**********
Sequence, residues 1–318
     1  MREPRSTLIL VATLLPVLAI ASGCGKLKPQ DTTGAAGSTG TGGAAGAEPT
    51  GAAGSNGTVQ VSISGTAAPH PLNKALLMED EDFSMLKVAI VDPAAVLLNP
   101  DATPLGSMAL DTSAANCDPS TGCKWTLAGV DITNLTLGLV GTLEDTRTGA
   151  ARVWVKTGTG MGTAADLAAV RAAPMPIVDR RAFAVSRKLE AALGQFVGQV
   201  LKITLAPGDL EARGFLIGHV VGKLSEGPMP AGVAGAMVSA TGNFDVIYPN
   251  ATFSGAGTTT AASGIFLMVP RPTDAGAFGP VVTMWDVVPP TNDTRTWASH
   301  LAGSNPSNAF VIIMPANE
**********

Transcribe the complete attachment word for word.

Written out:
Sequence, residues 1–318
     1  MREPRSTLIL VATLLPVLAI ASGCGKLKPQ DTTGAAGSTG TGGAAGAEPT
    51  GAAGSNGTVQ VSISGTAAPH PLNKALLMED EDFSMLKVAI VDPAAVLLNP
   101  DATPLGSMAL DTSAANCDPS TGCKWTLAGV DITNLTLGLV GTLEDTRTGA
   151  ARVWVKTGTG MGTAADLAAV RAAPMPIVDR RAFAVSRKLE AALGQFVGQV
   201  LKITLAPGDL EARGFLIGHV VGKLSEGPMP AGVAGAMVSA TGNFDVIYPN
   251  ATFSGAGTTT AASGIFLMVP RPTDAGAFGP VVTMWDVVPP TNDTRTWASH
   301  LAGSNPSNAF VIIMPANE